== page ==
= Transmission delay of data frame + Propagation delay of data frame + Transmission delay of acknowledgement + Propagation delay of acknowledgement

= 100 msec + 100 msec + 100 msec + 100 msec

= 400 msec

 

Calculating Efficiency-

 

Efficiency (η)

= Useful time / Total time

= 100 msec / 400 msec

= 1 / 4

= 25%

 

Calculating Sender Throughput-

 

Sender throughput

= Efficiency (η) x Sender bandwidth

= 0.25 x 80 Kbps

= 20 Kbps

= (20 x 1000 / 8) bytes per sec

= 2500 bytes/sec

 

Problem-09:

 

Using stop and wait protocol, sender wants to transmit 10 data packets to the receiver. Out of these 10 data packets, every 4th data packet is lost. How many packets sender will have to send in total?

 

Solution-

 

Draw a time line diagram and analyze.

The packets will be sent as-

1, 2, 3, 4, 4, 5, 6, 7, 7, 8, 9, 10, 10

The lost packets are- 4, 7 and 10.

Thus, sender will have to send 13 data packets in total.

 

Next Article- Sliding Window Protocol

 

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Stop and Wait ARQ | Sliding Window Protocols

Stop and Wait Protocol-

 

Before you go through this article, make sure that you have gone through the previous article on Stop and Wait Protocol.

 

In stop and wait protocol,

  • Sender sends one data packet and then waits for its acknowledgement.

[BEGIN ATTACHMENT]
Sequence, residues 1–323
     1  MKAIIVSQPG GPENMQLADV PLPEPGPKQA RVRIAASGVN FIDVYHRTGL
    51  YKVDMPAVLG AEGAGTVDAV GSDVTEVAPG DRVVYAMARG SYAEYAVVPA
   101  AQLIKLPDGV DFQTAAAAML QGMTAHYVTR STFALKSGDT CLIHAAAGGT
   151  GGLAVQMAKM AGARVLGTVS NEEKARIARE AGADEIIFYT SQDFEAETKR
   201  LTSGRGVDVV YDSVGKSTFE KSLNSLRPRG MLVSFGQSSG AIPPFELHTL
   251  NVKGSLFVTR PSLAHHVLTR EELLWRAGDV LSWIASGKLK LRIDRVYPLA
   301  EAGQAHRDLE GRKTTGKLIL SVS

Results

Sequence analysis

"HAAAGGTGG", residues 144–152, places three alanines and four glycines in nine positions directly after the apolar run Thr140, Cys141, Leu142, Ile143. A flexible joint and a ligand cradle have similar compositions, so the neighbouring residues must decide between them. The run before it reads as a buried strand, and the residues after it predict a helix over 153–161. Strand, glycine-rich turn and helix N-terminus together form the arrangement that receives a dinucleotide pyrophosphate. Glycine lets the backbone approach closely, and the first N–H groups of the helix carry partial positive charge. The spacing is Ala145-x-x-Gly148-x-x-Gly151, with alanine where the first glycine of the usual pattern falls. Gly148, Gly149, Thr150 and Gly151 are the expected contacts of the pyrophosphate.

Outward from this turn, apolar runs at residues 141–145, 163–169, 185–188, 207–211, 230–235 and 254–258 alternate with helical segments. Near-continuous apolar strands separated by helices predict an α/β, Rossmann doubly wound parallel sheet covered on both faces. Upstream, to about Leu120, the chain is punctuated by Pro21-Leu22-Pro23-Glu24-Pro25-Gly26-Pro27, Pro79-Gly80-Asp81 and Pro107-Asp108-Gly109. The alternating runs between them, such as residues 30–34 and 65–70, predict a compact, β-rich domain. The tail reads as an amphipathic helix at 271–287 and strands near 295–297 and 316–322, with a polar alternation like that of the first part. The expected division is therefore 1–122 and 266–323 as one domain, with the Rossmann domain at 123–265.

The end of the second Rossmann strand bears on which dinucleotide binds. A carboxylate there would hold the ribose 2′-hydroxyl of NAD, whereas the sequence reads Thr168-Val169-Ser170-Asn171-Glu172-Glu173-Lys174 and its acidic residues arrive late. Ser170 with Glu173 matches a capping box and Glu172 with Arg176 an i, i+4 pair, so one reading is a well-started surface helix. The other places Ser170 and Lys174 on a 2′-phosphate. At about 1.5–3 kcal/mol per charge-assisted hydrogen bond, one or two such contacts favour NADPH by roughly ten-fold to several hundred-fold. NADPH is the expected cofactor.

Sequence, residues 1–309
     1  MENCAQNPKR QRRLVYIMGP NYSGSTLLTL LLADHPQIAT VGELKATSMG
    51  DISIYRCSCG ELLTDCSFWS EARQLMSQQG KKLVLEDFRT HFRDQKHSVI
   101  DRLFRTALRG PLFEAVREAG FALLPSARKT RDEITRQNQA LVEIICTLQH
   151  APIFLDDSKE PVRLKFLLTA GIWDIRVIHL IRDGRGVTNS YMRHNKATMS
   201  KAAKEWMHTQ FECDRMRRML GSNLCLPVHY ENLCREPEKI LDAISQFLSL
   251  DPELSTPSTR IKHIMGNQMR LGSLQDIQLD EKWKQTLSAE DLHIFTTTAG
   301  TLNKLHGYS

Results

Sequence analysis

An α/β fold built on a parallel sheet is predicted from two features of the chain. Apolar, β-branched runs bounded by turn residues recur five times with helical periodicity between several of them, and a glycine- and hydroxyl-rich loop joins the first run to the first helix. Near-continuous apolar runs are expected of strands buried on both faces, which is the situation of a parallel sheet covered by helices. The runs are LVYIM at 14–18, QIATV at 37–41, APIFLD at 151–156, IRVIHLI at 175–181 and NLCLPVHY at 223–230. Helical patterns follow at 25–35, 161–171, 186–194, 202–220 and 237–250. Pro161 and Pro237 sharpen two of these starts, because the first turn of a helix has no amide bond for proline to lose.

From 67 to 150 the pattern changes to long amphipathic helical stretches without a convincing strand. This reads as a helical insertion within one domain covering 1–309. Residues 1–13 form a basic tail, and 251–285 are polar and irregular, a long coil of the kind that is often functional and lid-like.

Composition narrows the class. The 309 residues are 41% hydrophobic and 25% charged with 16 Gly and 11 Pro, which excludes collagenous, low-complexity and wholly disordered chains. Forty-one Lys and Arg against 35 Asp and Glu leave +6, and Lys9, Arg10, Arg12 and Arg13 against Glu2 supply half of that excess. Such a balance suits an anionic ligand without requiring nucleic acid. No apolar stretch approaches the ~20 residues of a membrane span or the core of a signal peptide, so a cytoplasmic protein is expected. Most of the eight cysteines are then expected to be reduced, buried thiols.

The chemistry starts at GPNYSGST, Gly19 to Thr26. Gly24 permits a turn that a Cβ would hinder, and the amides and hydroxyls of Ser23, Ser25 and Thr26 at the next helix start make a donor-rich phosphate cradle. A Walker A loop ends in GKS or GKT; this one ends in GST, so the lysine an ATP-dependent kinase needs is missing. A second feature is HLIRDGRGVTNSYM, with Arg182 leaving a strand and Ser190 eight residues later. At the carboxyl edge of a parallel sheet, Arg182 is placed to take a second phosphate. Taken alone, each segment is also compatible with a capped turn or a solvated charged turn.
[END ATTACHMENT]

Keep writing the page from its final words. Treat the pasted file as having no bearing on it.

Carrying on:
• Sender sends the next packet only after it receives the acknowledgement for the previous packet.

 

 

The main problem faced by the Stop and Wait protocol is the occurrence of deadlock due to-

  1. Loss of data packet
  2. Loss of acknowledgement

 

Stop and Wait ARQ-

 

Stop and Wait ARQ is an improved and modified version of Stop and Wait protocol.

 

Stop and Wait ARQ assumes-

  • The communication channel is noisy.
  • Errors may get introduced in the data during the transmission.

 

Working-

 

  • Stop and wait ARQ works similar to stop and wait protocol.
  • It provides a solution to all the limitations of stop and wait protocol.
  • Stop and wait ARQ includes the following three extra elements.

 

 

Thus, we can say-

 

Stop and Wait ARQ

= Stop and Wait Protocol + Time Out Timer + Sequence Numbers for Data Packets and Acknowledgements

 

Number of Sequence Numbers Required-

 

NOTE

For any sliding window protocol to work without any problem,

the following condition must be satisfied-

Available Sequence Numbers >= Sender Window Size + Receiver Window Size

 

Stop and wait ARQ is a one bit sliding window protocol where-

  • Sender window size = 1
  • Receiver window size = 1

 

Thus, in stop and wait ARQ,

Minimum number of sequence numbers required

= Sender Window Size + Receiver Window Size

= 1 + 1

= 2

 

Thus,

  • Minimum number of sequence numbers required in Stop and Wait ARQ = 2.
  • The two sequence numbers used are 0 and 1.

 

How Stop and Wait ARQ Solves All Problems?

 

1. Problem of Lost Data Packet-

 

  • After sending a data packet  to the receiver, sender starts the time out timer.
  • If the data packet gets acknowledged before the timer expires, sender stops the time out timer.
  • If the timer goes off before receiving the acknowledgement, sender retransmits the same data packet.